This is the 15cm turret in the center of the fort, leaning into a chasm opened up by the explosion inside the fort.  Next we continue up the stairs at right.

Atop the Central Massif
From atop the central massif you can see not only some of the massive damage to the fort, you can also get an idea of what an intact fort looks like.  The 5.7cm turrets are on either flank of the fort.  At right is the chasm that the 15cm turret in the center of the fort is now leaning into.  The 12cm turret looks reasonably intact, but the 21cm turret near the front of the fort was blown skyward by the explosion and landed upside down.  See photo at right.   

Below is a panorama of the other 21cm turret on the fort's right side.  Next we continue to the stairs that lead down to the ditch in fort's front salient.

Front Salient

Each of the three salients had fighting positions designed so that weapons could  fire along the ditch.  As you can see in the model at right, the fighting area was connected to the central massif by a tunnel.  These casemates were positioned so that they were hidden from enemy artillery fire from in front of the fort.  In the event that the enemy was able to cross the ditch, barbed wire or thorn bushes faced any enemy climbing the earthen scarp on their way to the top of the fort.  This area is now wooded.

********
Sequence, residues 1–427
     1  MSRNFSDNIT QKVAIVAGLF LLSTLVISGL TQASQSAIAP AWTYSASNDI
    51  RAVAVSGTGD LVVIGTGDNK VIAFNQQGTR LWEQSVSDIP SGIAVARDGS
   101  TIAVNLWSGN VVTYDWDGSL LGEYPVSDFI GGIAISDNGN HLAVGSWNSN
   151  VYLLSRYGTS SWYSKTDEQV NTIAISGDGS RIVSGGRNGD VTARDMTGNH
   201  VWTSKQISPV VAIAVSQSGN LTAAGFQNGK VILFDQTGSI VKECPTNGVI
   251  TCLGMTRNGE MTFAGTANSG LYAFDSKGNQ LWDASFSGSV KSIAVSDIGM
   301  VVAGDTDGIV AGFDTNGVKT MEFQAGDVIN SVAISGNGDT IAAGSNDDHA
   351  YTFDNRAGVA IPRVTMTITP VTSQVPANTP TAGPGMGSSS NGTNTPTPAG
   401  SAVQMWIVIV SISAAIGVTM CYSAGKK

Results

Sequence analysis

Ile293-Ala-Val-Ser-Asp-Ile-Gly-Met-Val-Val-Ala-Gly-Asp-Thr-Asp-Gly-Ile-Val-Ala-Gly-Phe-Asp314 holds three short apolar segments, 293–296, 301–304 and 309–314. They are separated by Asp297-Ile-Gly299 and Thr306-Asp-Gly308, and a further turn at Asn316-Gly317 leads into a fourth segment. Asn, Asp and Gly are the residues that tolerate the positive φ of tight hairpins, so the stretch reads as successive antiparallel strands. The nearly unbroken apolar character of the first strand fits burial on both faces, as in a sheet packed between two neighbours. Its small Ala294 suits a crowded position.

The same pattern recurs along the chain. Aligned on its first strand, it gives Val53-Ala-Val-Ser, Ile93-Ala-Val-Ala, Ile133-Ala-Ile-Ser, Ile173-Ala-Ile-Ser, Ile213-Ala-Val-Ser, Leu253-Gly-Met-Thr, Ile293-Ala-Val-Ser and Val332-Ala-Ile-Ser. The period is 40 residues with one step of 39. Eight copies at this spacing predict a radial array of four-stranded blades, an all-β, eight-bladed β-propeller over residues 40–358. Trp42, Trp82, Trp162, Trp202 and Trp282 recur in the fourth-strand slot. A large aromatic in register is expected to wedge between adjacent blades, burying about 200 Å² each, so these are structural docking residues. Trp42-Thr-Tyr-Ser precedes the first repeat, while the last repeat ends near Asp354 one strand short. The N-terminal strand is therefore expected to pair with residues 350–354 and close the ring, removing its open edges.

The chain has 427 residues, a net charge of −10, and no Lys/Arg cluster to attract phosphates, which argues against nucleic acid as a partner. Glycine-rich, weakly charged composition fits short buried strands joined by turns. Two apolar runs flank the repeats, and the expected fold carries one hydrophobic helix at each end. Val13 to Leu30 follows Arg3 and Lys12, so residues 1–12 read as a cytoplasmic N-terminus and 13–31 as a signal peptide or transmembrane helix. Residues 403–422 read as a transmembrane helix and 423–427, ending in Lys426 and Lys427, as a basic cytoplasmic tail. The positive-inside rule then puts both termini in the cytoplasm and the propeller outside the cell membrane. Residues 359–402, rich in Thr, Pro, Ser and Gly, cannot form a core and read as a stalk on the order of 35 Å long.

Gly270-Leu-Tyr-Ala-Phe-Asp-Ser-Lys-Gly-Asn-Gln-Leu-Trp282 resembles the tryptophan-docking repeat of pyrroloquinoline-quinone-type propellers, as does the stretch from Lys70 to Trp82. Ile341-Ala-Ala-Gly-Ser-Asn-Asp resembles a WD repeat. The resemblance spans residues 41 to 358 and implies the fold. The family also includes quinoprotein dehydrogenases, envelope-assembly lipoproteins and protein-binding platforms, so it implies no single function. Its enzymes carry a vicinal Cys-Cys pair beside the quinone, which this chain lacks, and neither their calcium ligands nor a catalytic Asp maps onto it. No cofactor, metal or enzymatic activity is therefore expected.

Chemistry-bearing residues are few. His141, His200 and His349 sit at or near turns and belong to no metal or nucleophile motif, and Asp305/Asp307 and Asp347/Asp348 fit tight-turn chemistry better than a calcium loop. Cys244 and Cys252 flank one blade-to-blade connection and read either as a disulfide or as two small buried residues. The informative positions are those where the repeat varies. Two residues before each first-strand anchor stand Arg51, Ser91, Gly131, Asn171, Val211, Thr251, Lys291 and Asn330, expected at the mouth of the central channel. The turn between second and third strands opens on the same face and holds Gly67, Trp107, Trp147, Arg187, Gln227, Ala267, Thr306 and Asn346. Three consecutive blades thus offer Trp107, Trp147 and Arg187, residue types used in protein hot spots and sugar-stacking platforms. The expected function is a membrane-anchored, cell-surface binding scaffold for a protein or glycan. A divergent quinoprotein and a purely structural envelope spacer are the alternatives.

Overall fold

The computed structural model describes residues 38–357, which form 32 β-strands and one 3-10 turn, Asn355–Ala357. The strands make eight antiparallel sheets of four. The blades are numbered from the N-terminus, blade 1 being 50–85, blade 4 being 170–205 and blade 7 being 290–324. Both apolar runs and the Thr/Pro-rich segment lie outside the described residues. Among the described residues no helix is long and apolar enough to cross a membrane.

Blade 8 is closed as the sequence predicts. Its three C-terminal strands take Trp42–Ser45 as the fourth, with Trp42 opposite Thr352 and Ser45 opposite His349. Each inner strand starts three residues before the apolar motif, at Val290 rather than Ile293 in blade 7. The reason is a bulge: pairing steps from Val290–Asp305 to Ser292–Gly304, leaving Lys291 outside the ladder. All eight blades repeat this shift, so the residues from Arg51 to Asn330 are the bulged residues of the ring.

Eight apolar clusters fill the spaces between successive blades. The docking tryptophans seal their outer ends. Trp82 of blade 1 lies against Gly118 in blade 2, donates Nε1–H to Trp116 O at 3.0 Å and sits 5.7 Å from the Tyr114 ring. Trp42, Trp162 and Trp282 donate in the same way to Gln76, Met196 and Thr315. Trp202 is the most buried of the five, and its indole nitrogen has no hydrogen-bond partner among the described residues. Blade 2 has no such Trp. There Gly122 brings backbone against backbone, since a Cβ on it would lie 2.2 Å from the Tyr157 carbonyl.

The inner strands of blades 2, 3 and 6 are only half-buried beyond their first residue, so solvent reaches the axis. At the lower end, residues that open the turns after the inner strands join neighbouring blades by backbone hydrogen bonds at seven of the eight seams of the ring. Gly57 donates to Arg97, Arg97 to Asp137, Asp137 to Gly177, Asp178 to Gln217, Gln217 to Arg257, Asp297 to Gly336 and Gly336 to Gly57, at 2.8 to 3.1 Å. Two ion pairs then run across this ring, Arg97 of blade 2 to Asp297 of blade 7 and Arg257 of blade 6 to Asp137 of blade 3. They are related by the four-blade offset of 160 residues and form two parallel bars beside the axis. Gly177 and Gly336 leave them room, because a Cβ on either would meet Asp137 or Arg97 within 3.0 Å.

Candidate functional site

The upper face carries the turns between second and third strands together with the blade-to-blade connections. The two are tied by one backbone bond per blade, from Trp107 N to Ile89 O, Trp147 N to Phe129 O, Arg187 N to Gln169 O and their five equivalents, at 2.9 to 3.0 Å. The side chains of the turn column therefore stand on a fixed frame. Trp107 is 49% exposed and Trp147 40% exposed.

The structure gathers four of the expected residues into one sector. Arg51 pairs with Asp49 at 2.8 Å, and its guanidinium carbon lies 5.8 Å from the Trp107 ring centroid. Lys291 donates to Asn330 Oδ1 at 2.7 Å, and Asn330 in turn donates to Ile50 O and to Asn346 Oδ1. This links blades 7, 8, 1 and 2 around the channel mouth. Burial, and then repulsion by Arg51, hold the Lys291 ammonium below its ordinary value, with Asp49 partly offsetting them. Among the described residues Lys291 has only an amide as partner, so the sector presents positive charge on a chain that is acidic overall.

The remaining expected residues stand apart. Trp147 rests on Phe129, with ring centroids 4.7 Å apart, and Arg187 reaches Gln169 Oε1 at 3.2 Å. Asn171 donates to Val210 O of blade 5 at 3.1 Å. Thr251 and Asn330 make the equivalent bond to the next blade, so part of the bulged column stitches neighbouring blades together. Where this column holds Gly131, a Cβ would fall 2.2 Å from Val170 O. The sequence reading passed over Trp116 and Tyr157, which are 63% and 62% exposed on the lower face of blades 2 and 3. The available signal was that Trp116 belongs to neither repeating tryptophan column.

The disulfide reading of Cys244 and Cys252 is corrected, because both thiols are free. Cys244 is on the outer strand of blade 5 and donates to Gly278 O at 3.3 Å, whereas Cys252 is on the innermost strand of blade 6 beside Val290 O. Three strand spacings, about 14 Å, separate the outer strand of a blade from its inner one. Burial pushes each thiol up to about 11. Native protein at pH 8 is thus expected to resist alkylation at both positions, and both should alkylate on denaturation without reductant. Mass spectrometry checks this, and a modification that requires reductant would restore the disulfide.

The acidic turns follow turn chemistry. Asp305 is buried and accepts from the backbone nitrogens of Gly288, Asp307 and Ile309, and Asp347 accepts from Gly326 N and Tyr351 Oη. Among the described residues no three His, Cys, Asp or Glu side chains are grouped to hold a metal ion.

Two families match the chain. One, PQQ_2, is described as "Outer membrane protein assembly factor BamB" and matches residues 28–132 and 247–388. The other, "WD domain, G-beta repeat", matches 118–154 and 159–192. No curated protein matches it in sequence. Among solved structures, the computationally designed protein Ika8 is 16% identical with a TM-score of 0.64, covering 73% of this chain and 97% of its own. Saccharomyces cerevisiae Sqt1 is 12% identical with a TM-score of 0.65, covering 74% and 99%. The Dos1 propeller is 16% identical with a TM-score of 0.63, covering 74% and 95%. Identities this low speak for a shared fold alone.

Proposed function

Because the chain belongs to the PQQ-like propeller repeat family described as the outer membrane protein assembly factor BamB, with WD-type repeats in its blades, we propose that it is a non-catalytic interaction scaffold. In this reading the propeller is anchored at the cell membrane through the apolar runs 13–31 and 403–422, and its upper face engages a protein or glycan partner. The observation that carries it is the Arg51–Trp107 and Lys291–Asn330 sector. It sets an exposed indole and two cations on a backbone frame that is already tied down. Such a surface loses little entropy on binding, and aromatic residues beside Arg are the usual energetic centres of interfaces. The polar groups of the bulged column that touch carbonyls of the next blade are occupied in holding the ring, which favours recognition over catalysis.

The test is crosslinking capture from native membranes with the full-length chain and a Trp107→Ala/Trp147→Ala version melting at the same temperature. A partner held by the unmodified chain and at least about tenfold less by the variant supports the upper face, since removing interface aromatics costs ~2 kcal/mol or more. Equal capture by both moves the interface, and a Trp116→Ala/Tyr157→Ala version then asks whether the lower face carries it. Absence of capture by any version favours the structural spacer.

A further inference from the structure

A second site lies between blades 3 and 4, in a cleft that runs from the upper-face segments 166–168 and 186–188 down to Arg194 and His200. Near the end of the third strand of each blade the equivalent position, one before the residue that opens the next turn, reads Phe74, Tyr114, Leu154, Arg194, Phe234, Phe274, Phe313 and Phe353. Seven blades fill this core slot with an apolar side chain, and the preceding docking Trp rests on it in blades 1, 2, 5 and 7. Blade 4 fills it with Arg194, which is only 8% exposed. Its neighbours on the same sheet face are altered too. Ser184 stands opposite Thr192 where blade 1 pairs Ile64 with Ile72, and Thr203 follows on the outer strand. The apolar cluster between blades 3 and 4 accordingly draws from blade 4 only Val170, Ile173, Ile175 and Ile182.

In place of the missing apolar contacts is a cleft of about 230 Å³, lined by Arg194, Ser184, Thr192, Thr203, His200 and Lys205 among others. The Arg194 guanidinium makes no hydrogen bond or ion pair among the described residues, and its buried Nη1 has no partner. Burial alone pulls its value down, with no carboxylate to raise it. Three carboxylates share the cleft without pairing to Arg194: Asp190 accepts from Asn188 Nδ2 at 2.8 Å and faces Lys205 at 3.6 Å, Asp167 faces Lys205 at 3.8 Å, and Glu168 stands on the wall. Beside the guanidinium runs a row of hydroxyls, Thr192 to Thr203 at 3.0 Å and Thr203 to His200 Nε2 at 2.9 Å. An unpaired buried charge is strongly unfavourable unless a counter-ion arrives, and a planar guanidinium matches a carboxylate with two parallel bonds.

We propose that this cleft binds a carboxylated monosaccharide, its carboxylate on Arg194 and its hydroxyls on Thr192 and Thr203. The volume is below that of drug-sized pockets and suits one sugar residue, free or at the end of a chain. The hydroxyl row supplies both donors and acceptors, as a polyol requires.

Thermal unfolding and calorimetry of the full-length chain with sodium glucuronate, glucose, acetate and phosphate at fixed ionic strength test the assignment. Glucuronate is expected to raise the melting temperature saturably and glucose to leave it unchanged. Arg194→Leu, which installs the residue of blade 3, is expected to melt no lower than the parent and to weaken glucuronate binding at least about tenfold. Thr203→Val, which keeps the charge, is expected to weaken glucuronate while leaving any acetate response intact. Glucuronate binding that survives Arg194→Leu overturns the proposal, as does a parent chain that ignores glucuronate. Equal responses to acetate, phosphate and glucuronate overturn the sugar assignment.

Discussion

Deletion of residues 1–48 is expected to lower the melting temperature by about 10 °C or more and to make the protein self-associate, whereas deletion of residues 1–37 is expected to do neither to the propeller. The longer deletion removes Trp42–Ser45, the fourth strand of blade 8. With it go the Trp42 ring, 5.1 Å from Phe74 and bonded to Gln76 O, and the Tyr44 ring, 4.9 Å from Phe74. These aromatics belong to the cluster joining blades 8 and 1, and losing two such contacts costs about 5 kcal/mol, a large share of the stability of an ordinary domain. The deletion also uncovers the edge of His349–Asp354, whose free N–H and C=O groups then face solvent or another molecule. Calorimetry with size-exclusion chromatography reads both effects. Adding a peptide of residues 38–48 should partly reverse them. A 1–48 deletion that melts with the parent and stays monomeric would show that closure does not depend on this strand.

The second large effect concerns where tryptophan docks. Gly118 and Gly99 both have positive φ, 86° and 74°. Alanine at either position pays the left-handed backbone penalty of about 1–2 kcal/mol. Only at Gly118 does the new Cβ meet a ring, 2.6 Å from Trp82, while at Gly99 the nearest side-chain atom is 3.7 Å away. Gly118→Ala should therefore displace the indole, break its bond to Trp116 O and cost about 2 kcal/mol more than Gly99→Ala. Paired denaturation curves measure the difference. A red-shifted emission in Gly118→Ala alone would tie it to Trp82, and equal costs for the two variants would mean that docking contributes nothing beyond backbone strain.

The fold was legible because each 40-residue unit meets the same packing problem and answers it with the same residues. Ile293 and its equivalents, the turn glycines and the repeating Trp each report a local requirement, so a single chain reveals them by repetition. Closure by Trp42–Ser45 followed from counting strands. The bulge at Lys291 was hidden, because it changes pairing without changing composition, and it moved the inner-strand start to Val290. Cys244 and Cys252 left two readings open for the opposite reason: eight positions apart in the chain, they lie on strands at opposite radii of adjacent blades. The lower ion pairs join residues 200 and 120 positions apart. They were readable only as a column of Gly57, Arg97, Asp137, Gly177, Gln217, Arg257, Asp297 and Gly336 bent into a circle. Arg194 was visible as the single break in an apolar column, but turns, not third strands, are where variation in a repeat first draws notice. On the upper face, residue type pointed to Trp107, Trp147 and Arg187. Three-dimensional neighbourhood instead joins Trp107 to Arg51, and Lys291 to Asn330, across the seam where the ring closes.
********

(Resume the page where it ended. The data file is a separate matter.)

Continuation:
The panorama at left is the inside of the front salient.  5.7cm rapid fire guns like the one in the photo at right were mounted in the two story casemate and dominated the ditch.

Next, we climb the steps and walk toward the right 57mm turret.

We are now at the infantry fighting position on top of the fort.  At center and right of the panorama you can see the damage to the central massif.  Now we will continue walking to just beyond the 57mm turret.

57mm Turret

Here on the right side of the fort can be seen the 57mm turret, which was meant for close-in defense against enemy infantry.  Unseen below this exterior is the mechanism to raise, lower, and rotate the turret.  See model at right.  The turrets in the Brialmont forts featured steel armor that extended into the concrete.  This prevented the turret from being moved significantly off center if the concrete was destroyed.


Around 300 of the 550 man garrison died during the battle.  Invited by the Germans to see the damage at Fort Loncin, defenders of the other of the two remaining Liege forts also surrendered.  Although the Brialmont forts were flawed in many ways and fell to the German attack, many historians believe that the delay that the Germans incurred while reducing the Belgian forts gave the Allies vitally important time necessary to respond to the German invasion of France.  With the Germans approaching Paris, the French shifted troops, including with Paris taxi cabs like the one at right.  The British had time to cross the Channel and prepare for battle.  In the Battle of the Marne, the Allies counterattacked an overextended German army, halting their advance and saving France, and perhaps democracy itself, from catastrophic defeat.    

Sadly France took the wrong lessons from the Brialmont forts.  Instead of seeing that forts needed to be well designed and technologically up to date, the French concluded that permanent fortifications were obsolete.  They stripped their forts at Verdun of weapons and men, an error that they would pay dearly for. 

Copyright 2012 by John Hamill